This section is broken down into two topics: 1) Domestic and Foreign Policy, 1960-2000; 2) Presidential Candidates and the Changing American Scene, 1960-2000.

Glossary items, student activities, and teacher resources deal with and raise questions about some of the domestic and foreign policy issues that have arisen in the presidential debates over the last forty years.

The learning goals and objectives for each topic below have been adapted from the Illinois Learning Standards for the Social Sciences, which were adopted in 1997 (visit www.isbe.state.il.us/ils for more information). These standards are easily adaptable to learning standards in other states.

Social Science Goals:

  • Apply the skills of historical analysis and interpretation.
  • Understand the development of significant political events in United States history.
  • Understand the development of economic systems.
  • Understand United States social history.
  • Understand United States environmental history.

United States Domestic and/or Foreign Policy, 1960-2000.

The starting place for lessons in the area of US domestic and foreign policy over the last forty years is the presidential debates themselves. After viewing debate clips and/or reading debate transcripts (available in their entirety at www.debates.org), students can pursue issues in greater depth by investigating primary source documents, news accounts, and other materials. Similarly, students can trace perennial domestic and foreign policy issues through their continued occurrence in debates (for example, students can compare how civil rights were discussed in the 1980 debate to how they were discussed in the 1996 debates). Using the presidential debates as a point of departure, students can:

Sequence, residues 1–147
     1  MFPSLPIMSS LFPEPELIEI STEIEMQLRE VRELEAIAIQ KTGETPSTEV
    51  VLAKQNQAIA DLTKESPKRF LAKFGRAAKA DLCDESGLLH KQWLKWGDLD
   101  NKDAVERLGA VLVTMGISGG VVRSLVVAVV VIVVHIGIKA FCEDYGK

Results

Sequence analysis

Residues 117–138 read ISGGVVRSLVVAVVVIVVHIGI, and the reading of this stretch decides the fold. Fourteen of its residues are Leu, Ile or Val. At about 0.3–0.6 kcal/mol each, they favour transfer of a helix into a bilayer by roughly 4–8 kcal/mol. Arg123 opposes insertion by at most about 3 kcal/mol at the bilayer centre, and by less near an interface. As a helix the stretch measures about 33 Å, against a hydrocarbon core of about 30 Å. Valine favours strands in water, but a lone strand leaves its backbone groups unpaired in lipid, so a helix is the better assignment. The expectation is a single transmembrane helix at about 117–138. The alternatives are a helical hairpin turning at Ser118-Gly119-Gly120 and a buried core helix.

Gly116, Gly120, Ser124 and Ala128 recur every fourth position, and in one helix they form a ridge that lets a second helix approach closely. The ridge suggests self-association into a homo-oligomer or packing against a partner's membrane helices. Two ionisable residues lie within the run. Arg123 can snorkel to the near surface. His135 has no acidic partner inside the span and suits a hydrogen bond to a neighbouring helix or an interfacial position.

• Ask questions and seek answers by collecting and analyzing data from historic documents, images and other literary and non-literary sources.
  • Analyze and report historical events to determine cause-and-effect relationships.
  • Compare competing historical interpretations of an event.
  • Identify political ideas that have dominated the United States over the last forty years.
  • Describe how modern political positions are affected by differences in ideologies and viewpoints that have developed over time.
  • Describe how historical trends in population, urbanization, economic development and technological advancements have caused changes in United States economic policy.
  • Describe basic economic changes in the United States over the last fifty years.

Presidential Candidates and the Changing American Scene, 1960-2000

Each of the presidential debates occurred within a specific historical context. The values, assumptions, and expectations of journalists, politicians, and the public in 1960 were quite different from the values, assumptions, and expectations in 1996. How have social contexts changed? How have they remained the same? How have social and cultural contexts shaped the way presidential debates have been presented and received? Given the fact that social contexts change, how will presidential debates in the future be different from the debates of today? As they explore these and other questions through inquiry-based projects, students can:

  • Ask questions and seek answers by collecting and analyzing data from historic documents, images and other literary and non-literary sources.
  • Describe unintended social consequences of political events in United States history.
  • Analyze the relationship between an issue in United States social history and the related aspects of political, economic and environmental history.
  • Describe the influence of key individuals and groups in the United States over the last forty years.